Saturday, January 27, 2007

Btw, Fearann Muin development has slowed, possibly to a halt.

Right now I'm playing with OpenGL funness... more on that if it does anywhere.
A post I emailed dealing with the ticking time bomb rationale for torture:

///start email
I came upon your "Once Upon a Time..." blog, and this article on torture; specifically the ticking-bomb scenario.

In Cornelius Ryan's book A Bridge Too Far, at the start of Operation Market Garden (which is what the book is about), the land invasion of the Netherlands from Belgium was instantly met with heavy anti-tank fire (taking out some 9 of 15 tanks of the tank platoon that spearheaded the operation). The way this was reportedly stopped is quite similar to a ticking-bomb scenario. The British troops captured some forward infantry (sentries or spotters for the anti-tank guns hidden somewhere in the woods firing on the tanks). The captured Germans were rushed over to a truck where they were aggressively interrogated: the interrogator pushed a pistol into one of the German's ribs and barked at him in German, asking him where the guns were hidden. I forget the exact details because I don't have the book in front of me, nonetheless, the a capture German revealed -well enough- the positions of the anti-tank guns, after which the guns were disable via counter-battery fire.

While ticking-bombs in cities with civilians are different then active fire on soldiers - the information they had are basically the same: they knew about the guns (obviously), and they had a good idea that one of the captured soldiers knew the location (although not necessarily true, I suppose - give the situation that rational was that it was "worth a try" - more on that in a second). The major difference being that they were already under attack - this would be like the bomb situation if a bomb had already gone off, and there was another with the potential to go off.

The multiple bomb situation was actually hit on with a British documentary (where London is hit by a dirty bomb), but interestingly enough they stopped the second bomb with good ol' fashioned police work. I wish I remembered the name of it...

As for the "worth a try" rational, it's dicey: in this situation they did not KNOW the soldiers knew the guns locations, just a good guess (at the very least to get a lead on the locations). But with this situation many questions come to mind? What happens if these Germans had no clue about the location? Would they have been shot? (or at least one of them to prove the seriousness of the interrogator). What if you shot them and still got no information? Unfortunately these situations are rarely told, probably for the reason that no one wants to be thought of as a murderer - even in so called "good" wars like World War II.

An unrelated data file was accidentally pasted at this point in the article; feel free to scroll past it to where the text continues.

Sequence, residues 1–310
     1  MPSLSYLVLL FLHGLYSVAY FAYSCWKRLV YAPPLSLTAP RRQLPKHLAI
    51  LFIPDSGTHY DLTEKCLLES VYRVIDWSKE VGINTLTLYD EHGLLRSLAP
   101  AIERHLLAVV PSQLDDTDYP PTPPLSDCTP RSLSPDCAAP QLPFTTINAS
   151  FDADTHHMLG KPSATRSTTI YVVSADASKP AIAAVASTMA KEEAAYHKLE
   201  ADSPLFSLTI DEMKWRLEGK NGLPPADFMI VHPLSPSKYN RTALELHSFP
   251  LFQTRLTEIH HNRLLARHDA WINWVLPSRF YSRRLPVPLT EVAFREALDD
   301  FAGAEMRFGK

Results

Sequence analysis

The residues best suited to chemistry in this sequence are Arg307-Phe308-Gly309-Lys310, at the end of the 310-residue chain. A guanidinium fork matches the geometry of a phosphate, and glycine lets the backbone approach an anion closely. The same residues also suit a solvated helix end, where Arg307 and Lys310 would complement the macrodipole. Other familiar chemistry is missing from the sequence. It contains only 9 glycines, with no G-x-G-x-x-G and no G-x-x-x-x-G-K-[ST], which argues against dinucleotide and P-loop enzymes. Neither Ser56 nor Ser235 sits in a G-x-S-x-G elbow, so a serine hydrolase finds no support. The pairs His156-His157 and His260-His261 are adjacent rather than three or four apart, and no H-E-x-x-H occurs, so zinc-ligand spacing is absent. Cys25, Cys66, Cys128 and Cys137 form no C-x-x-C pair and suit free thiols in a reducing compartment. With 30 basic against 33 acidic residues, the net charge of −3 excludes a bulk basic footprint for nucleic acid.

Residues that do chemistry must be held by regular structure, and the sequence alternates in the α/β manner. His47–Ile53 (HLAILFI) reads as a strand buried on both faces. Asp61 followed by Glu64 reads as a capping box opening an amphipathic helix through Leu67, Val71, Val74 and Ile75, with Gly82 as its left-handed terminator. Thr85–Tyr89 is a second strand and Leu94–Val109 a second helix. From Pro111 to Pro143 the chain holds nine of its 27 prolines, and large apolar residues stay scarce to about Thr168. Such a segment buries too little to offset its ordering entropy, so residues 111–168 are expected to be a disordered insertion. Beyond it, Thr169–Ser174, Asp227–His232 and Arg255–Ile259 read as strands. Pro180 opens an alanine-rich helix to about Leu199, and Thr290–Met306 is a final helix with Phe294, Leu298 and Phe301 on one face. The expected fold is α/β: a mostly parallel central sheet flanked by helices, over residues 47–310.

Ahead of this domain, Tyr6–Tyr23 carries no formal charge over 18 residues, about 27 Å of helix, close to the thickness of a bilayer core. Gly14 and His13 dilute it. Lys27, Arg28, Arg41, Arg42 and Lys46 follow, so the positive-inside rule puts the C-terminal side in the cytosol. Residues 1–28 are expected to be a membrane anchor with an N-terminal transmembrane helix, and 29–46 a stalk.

My own conclusions are unsure. There are other examples of on the spot interrogation yielding results, but with the failures rarely being reported (probably) it's hard to gauge how affective it is. In the example above, this scenario was a life-or-death struggle. If we don't stop these guns we are dead. But like you say KNOWing about the bomb is probably unlikely - the intelligence would probably be more general. The scary thing is if this is used as a substitute for actually investigative police work. As noted about the NKVD (the KGB prior to the KGB) was that they eventually degenerated into thugs that only knew how to torture, and thus useless in actual investigations. It got so bad Stalin (the main boss himself) had to disband them, because they became much worse than the enemy/criminals. It's just not a substitute for traditional police work. That and the main problem just keeps biting at you - how do you KNOW the person you are beating on or what-have-you knows the information? With the number of people released from Guantanamo cleared of being evil shows that KNOWing is rarely obvious. With that in mind, I think I would be right next to the interrogator poking at the German soldiers on their gun positions before the truck I'm in takes a round.

Unfortunately that's how this fear thing works so well, the proponents make you fear that you are in that truck, that it's them or us; even when it's a rare ... or impossible event. United 93 may be a good example.

I'd like to hear your thoughts. Thank you.
///end email

Btw, one of my own misunderstandings is the difference between torture and interrogation; which may explain some of my email. Google ticking time-bomb and you'll get a number of articles about this; 'tis interesting. And frankly I can't find the exact post I'm replying to here... just the blog: